“We believe the situation may be so egregious that ISBE may be required following an investigation to appoint an outside expert to facilitate corrective action in relationship to the CPS special education program,” their letter states. “It should be expected that these recommendations may and most likely will include significant changes in CPS special education practices.”

Those groups outlined several issues they have with the district’s existing policies, claiming special and general education services are placed into direct competition for funding, and that special education budget items have been consolidated into larger buckets that “obscure (CPS') allocation of special education funds.”

CPS says it “welcome(s) this conversation,” but also attempted to rebut many of those claims in an appendix to its own letter.

The district says it wants the working group to begin meeting as soon as possible in order to provide final recommendations by next spring.

“Going forward, we know that CPS must be more inclusive and open to ongoing feedback,” the district letter states. “We welcome the opportunity to roll up our sleeves and work alongside those leaders and experts of goodwill who can help us achieve our common goal: to give all children, regardless of their needs, the opportunity to achieve their full potential in school and in life.”


MS Patients Who Adhere to Treatment Have Higher Health Costs-And Better Outcomes

CHICAGO, Nov. 27, 2017  -- Researchers examined the insurance claims and medical records of 681 patients with multiple sclerosis (MS) and found those who adhered to medication schedules had significantly better physical outcomes than patients who did not, although the total overall costs for their care were higher.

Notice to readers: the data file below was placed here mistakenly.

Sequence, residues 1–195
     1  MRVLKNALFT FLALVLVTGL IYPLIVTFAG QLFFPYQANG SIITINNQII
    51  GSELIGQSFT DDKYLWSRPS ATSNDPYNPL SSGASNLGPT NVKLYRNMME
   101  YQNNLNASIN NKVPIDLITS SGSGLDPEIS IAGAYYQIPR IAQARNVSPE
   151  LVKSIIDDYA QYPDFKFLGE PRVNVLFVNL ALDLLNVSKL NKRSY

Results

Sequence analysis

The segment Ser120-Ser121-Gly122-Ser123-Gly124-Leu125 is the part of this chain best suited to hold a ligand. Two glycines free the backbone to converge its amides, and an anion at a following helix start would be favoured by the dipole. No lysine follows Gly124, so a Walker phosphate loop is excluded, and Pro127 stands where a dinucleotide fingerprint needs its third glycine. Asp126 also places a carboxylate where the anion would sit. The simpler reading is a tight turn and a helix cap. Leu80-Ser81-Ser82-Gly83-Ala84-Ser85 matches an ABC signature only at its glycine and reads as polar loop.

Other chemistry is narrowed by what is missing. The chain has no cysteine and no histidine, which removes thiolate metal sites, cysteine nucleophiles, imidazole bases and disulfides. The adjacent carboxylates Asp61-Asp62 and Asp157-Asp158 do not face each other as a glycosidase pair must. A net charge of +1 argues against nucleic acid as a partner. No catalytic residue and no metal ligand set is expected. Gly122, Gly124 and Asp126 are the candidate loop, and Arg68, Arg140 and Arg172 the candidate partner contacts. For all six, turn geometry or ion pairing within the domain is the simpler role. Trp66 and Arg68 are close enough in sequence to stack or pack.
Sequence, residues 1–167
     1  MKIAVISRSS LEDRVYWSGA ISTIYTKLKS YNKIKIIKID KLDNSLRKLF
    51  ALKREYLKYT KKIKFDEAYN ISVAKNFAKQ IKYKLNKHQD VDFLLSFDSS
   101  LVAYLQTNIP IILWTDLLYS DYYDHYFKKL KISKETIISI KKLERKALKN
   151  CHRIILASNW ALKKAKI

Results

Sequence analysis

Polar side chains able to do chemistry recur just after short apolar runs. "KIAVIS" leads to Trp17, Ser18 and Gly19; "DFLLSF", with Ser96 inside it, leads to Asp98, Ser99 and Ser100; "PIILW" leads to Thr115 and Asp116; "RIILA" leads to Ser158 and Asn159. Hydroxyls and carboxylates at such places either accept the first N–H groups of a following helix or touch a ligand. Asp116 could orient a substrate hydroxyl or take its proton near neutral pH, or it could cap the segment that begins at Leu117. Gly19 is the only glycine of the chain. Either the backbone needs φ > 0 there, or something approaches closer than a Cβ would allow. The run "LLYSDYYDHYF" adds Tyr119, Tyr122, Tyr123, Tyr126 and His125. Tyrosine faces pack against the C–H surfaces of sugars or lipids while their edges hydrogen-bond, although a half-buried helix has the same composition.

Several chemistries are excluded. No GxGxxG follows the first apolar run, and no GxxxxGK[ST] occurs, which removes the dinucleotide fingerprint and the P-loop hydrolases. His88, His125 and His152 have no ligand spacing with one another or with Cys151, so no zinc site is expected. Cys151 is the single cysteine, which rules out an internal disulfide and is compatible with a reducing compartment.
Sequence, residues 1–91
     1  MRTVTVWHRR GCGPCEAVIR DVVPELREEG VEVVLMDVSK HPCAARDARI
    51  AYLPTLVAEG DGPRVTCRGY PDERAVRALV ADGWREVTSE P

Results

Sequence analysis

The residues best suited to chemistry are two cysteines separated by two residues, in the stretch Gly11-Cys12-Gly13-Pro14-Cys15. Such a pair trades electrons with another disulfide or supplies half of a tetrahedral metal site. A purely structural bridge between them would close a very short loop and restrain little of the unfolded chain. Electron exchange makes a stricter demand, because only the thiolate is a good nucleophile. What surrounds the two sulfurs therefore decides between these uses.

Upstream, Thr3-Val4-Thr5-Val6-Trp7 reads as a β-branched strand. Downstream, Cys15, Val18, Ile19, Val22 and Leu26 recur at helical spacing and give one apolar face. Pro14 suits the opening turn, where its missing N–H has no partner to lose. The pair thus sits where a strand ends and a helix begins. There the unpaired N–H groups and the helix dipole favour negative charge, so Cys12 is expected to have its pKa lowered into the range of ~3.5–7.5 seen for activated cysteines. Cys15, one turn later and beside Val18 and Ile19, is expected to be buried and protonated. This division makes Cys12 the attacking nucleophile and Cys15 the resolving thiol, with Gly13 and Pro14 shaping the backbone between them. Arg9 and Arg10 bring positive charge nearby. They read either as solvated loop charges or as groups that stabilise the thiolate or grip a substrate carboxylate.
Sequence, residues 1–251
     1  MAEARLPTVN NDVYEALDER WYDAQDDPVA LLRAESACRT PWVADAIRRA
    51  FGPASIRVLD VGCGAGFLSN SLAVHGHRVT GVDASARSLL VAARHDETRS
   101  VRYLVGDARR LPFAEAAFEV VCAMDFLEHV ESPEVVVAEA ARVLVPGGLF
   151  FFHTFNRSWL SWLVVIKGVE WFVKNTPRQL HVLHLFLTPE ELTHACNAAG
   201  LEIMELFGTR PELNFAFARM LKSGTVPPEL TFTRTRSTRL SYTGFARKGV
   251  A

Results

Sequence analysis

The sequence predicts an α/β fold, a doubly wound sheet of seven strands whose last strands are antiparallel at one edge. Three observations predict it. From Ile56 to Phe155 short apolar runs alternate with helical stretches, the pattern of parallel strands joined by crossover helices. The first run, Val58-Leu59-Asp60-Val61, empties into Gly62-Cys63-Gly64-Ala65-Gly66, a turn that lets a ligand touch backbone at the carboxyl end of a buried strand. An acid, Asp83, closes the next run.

The findings, published in the December edition of The Journal of the American Osteopathic Association, are considered significant because it is harder to assess treatment results for patients with MS than for those with other chronic illnesses, making it difficult to determine whether the treatment benefits justify their cost.

Researchers noted that the disease has few easily obtainable objective measures, like blood pressure or glucose levels. For patients with MS, disease activity is primarily measured through imaging studies, which can identify new lesions in the event of a relapse. Those studies are expensive and aren't routinely performed or captured in a quantitative fashion.
"Payers often look at near-term improvement to determine whether a treatment is effective and worth the cost," says Carl Hoegerl, DO, a neurologist at the Liberty University College of Osteopathic Medicine and a co-researcher on this study. "But the case for MS treatment becomes evident when you see that the rate of decline becomes much slower and less severe."
Comparing the experiences of MS patients with high adherence to treatments to those with low adherence, the study found patients with highest adherence reported the disease's physical impact as 14 percent less severe and the psychological impact 17 percent less severe. Patients with high adherence also rated their level of disability 12 percent lower and believed their treatments to be 7 percent more effective.